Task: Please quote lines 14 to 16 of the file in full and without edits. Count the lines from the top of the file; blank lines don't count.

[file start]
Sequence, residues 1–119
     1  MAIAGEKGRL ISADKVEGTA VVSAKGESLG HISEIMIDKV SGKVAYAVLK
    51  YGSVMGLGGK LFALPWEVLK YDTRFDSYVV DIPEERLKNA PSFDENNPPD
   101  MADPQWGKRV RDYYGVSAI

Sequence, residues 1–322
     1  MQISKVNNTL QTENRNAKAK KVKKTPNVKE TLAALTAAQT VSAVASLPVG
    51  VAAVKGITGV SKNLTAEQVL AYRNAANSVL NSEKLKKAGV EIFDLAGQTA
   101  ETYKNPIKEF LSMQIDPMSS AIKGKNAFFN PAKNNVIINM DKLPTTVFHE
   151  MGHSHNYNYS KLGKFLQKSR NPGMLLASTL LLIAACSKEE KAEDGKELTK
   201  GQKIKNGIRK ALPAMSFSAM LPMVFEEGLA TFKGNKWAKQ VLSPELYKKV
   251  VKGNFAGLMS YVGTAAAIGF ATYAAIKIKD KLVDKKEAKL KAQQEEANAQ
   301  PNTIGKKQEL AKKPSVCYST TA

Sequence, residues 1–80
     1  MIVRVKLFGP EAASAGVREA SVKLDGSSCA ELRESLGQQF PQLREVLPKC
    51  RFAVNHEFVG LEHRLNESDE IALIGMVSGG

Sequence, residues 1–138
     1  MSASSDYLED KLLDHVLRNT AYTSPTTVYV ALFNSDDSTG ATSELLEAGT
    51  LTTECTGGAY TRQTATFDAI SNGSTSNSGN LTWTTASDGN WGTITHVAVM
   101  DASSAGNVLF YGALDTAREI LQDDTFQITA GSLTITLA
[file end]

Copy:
     1  MIVRVKLFGP EAASAGVREA SVKLDGSSCA ELRESLGQQF PQLREVLPKC
    51  RFAVNHEFVG LEHRLNESDE IALIGMVSGG

Sequence, residues 1–138